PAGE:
This serves as another egregious example of President Kirchner’s irresponsible management of the government’s contractual obligations and the Argentine economy in general. Her unwillingness to resolve the existing default has placed fresh and heavier burden on the Republic’s finances.
Other La Nacion investigative nuggets regarding the accord emphasize the hypocrisy of the Kirchner administration in its manufactured narrative about the holders of its pre-2001 defaulted debt:
– In the China agreements, Argentina waives its immunity and “submit[s] itself to foreign courts,” prompting La Nacion to observe, “the government of Cristina Kirchner ended up giving the Chinese banks foreign jurisdiction, submission to other courts and everything it wants to take away from the holdouts.” (Chinese insistence that the credit facilities be governed by English law suggests that they assign Kirchner/Argentine promises something less than face-value…)
- The “contracts with China also appear to contain clauses that the Government…repudiate[d] in the cases against the holdouts,such as ‘acceleration’ of debt maturities, which are carried out if the country goes into default on a payment…the creditor is entitled to demand immediate payment of the total principal, even if many years to maturity remain.”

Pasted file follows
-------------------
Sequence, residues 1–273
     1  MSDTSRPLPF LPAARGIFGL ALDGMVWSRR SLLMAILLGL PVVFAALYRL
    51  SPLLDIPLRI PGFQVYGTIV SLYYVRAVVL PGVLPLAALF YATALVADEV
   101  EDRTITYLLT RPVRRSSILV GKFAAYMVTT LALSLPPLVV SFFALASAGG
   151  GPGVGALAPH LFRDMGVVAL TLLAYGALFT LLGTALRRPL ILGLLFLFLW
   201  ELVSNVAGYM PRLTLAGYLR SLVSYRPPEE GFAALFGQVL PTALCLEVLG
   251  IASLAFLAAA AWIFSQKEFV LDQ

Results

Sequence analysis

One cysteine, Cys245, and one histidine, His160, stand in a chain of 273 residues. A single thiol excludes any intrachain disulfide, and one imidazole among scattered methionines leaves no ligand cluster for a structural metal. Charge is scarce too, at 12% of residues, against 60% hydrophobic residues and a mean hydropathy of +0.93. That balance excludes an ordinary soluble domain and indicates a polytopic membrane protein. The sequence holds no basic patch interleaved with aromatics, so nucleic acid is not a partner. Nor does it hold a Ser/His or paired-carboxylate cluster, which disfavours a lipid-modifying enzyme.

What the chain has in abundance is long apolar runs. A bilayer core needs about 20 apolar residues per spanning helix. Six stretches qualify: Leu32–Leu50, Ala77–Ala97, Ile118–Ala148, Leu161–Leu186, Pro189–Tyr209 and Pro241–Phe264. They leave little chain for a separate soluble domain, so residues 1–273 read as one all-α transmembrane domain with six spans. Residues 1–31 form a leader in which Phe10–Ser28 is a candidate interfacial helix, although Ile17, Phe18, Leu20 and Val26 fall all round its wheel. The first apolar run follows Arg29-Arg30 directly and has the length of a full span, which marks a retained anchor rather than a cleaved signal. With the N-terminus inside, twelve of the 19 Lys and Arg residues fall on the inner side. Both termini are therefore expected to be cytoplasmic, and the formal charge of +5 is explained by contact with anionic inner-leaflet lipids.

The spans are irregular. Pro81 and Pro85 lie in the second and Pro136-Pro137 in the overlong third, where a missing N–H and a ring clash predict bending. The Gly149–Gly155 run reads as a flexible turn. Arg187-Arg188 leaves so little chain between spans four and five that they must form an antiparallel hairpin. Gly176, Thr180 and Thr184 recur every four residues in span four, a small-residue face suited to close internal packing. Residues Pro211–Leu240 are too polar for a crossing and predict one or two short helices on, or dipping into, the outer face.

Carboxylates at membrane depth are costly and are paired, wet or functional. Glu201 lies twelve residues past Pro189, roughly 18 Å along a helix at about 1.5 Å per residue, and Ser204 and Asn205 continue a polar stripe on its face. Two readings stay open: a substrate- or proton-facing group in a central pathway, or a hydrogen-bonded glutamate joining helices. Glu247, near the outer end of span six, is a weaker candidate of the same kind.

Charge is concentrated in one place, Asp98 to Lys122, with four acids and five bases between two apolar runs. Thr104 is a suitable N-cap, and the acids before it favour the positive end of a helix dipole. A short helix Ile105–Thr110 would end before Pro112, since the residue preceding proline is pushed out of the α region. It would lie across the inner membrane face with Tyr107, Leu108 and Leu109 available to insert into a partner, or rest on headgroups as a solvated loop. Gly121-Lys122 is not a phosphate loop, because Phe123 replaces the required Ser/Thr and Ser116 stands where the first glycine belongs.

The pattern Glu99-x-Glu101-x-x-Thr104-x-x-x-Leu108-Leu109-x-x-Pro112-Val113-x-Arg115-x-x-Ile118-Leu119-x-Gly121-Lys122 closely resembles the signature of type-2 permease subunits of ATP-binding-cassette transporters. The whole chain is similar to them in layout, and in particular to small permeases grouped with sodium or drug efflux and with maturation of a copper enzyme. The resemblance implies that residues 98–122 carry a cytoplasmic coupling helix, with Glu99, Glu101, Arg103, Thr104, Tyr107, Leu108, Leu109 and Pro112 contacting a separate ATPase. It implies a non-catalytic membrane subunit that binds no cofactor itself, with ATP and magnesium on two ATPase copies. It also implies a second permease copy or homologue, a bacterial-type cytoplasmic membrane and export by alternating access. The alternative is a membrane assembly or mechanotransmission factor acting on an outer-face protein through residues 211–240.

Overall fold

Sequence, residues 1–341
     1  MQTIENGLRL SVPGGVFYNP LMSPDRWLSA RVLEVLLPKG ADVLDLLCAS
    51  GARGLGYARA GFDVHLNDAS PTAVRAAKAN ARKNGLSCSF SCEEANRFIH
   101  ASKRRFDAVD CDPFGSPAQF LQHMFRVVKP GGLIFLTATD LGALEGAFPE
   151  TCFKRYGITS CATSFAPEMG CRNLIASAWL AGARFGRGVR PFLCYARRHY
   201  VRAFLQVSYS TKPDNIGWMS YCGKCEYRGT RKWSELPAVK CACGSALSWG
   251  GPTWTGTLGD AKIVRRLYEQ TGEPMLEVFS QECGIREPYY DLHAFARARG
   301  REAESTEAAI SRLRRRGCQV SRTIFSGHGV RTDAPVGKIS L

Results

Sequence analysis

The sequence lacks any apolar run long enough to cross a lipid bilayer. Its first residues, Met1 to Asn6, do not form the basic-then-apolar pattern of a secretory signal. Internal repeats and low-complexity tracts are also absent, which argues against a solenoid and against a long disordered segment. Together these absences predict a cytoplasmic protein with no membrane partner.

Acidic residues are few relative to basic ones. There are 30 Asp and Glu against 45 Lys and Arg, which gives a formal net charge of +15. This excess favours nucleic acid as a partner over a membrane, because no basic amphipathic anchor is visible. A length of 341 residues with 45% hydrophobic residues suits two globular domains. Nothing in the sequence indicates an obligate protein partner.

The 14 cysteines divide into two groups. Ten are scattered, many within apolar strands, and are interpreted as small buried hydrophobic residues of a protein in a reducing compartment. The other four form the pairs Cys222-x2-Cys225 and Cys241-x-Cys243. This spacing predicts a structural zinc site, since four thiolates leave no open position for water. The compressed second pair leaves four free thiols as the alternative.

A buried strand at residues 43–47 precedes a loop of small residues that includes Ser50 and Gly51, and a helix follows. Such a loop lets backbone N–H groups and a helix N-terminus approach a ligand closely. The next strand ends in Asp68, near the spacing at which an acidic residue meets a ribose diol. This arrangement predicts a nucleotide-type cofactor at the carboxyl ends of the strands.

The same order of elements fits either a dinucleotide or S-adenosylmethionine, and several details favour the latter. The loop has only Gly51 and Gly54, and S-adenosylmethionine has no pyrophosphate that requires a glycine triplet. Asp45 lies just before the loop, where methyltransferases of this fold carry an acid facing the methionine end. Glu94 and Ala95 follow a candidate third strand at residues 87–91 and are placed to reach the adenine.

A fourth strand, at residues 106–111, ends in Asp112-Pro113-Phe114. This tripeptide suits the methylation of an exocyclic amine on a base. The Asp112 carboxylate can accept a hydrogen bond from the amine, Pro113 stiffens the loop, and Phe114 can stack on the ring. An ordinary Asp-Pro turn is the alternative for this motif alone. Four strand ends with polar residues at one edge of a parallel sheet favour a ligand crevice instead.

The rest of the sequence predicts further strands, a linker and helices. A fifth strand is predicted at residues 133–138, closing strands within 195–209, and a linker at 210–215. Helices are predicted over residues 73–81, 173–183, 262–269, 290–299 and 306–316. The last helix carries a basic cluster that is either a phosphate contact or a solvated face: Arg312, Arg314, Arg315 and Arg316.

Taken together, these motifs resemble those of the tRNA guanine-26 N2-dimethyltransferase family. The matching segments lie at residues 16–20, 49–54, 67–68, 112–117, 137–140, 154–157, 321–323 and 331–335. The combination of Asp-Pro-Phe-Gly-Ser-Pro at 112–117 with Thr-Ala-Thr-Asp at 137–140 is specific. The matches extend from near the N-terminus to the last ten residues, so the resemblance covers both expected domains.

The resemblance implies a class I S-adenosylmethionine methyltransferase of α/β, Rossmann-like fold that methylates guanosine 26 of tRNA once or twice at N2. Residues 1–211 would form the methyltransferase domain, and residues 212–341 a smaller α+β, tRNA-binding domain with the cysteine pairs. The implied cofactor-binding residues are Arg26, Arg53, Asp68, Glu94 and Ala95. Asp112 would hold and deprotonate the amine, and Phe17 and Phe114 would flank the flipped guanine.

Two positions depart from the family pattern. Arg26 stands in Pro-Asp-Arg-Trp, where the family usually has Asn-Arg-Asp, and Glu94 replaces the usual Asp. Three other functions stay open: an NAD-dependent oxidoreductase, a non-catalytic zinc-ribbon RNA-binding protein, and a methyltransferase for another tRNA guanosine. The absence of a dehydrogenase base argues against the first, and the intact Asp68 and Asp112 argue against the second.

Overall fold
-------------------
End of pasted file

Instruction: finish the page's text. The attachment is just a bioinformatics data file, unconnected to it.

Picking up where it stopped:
It is also worth noting that the railroad and hydroelectric dam contracts with China contain pari passu clauses. It is well-known how Argentina views its obligations under that provision.
And so, with the Argentine benefits of the accord seemingly illusory, investigative journalist Jorge Lanata devoted an entire show to the “small print” of the so-called “million-dollar” deals with China.
Among Lanata’s findings? The Belgrano Railroad deal required Argentina to buy 2,800,000 railroad ties from China, even though there are at least 5 factories capable of producing these that already exist in Argentina.